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Universalism False and Unscriptural

by Alexander, Archibald

Presbyterian Board of Publication 1851

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Overview

The importance of the question “What happens after we die?” exceeds that of nearly every question ever asked about human existence. Some claim that only a few are saved; others promote universal salvation—and each side harnesses Scripture for their own cause.

In Universalism False and Unscriptural, Archibald Alexander aims to put to rest the misconceptions of universal salvation. He not only argues that universalism directly conflicts with Scripture, but that it also cannot stand on its own merit. In fact, those who promote universalism underestimate the extent of human corruption to their own peril. This helpful volume clarifies what Scripture says about universalism against Alexander’s own critics, and serves as an important guide for today.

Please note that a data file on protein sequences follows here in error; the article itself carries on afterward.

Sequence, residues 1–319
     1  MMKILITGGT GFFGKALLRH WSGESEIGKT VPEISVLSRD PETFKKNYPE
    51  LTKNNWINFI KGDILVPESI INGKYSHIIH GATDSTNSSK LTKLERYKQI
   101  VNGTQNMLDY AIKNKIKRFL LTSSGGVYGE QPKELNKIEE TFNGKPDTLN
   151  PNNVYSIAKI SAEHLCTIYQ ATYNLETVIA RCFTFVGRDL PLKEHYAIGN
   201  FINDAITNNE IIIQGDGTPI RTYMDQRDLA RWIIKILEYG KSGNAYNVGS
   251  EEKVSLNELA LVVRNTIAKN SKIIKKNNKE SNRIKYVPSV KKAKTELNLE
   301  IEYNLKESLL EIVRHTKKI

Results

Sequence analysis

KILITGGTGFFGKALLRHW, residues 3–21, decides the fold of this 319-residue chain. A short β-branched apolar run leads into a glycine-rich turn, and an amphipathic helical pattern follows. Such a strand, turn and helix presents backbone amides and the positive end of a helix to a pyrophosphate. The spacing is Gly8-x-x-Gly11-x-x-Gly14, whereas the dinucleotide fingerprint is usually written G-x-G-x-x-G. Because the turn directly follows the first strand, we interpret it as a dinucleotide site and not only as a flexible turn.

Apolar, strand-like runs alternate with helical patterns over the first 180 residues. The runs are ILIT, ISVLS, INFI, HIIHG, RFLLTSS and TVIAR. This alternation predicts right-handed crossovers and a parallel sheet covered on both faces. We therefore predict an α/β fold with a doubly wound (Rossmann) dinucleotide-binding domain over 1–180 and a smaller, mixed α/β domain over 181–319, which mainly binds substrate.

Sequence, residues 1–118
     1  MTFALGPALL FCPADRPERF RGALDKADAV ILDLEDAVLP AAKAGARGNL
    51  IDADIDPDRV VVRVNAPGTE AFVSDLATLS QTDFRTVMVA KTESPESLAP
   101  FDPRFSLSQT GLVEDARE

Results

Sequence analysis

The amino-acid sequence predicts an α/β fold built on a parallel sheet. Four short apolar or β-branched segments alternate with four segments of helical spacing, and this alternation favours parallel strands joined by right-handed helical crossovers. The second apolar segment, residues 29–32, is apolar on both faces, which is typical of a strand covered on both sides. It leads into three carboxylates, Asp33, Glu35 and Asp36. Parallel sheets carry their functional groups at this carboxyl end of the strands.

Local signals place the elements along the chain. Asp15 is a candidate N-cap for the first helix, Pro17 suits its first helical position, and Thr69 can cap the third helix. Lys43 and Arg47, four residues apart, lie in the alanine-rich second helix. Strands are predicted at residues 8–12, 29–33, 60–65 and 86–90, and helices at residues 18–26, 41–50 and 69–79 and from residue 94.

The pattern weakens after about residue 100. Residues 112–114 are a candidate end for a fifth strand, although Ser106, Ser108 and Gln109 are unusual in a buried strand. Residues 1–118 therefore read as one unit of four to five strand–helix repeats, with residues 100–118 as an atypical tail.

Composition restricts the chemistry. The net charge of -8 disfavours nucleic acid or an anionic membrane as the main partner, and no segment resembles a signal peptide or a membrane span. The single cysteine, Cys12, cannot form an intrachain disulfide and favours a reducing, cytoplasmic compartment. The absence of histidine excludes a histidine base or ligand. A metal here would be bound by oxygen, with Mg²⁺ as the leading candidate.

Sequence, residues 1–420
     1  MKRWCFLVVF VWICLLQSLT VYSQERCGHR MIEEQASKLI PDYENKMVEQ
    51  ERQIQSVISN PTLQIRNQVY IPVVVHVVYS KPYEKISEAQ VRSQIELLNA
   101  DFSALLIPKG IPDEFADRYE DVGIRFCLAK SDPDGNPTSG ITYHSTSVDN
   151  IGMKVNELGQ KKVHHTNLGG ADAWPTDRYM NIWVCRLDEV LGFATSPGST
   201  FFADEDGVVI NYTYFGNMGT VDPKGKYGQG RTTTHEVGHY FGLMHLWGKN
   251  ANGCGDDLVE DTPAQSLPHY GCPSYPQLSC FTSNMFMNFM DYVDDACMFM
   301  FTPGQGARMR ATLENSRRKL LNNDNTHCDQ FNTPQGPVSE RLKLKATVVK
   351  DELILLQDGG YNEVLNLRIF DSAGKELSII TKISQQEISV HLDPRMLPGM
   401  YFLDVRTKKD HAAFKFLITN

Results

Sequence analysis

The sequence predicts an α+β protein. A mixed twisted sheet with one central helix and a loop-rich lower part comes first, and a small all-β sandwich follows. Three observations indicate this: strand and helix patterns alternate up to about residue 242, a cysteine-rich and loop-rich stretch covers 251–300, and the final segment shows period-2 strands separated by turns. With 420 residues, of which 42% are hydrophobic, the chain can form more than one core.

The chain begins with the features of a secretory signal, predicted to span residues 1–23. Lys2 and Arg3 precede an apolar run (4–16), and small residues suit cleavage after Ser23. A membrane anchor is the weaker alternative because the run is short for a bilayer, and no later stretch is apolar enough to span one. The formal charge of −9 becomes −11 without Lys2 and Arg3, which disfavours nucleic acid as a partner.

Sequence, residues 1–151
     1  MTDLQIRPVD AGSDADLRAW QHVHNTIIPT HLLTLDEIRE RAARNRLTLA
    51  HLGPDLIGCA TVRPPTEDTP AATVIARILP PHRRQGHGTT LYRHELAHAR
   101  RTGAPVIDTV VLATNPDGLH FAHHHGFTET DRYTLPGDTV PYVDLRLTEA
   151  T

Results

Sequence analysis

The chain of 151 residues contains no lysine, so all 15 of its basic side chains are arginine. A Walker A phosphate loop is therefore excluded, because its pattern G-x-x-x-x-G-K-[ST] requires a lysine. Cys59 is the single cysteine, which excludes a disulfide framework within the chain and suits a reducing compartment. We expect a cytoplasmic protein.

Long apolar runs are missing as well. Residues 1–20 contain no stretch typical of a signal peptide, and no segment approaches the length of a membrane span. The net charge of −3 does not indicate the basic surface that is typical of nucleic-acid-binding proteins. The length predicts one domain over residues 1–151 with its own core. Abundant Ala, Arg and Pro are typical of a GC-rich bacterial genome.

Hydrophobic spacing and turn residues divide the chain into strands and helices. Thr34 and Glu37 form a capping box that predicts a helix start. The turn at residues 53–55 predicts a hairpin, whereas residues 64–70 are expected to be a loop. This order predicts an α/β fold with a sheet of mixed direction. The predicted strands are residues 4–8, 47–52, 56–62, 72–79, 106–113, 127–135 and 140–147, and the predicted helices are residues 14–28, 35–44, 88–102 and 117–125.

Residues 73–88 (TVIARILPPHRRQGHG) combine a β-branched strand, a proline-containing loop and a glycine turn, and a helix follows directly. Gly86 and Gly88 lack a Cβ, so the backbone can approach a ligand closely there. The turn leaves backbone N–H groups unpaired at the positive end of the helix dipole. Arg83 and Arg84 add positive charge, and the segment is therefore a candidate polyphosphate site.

With the Logos Bible Software edition of Universalism False and Unscriptural, all Scripture references directly link to your original language texts and English Bible translations. You can also employ advanced searching, along with the powerful tools in your digital library. The Logos edition is a must-have for historians of American Christianity and Presbyterianism, as well as biblical scholars and Reformed theologians.

Key Features

  • Discussion on how universalism directly conflicts with Scripture
  • Essay on the duration and intensity of future punishment

Product Details

  • Title: Universalism False and Unscriptural
  • Author: Archibald Alexander
  • Publisher: Presbyterian Board of Publication
  • Publication Date: 1851
  • Pages: 104

About Archibald Alexander

Archibald Alexander (1772–1851) was born in Rockbridge County, Virginia. He was educated at nearby Liberty Hall, and studied for two years under William Graham. At age 25, he was elected president of Hampden Sydney College in Virginia. Shortly thereafter, he moved to Philadelphia to become the pastor of the Third Presbyterian Church. When Princeton Theological Seminary opened in 1812, Archibald Alexander became the first professor of theology, where he served until 1840. Among his students was Charles Hodge, who named his son, A. A. Hodge, after his mentor.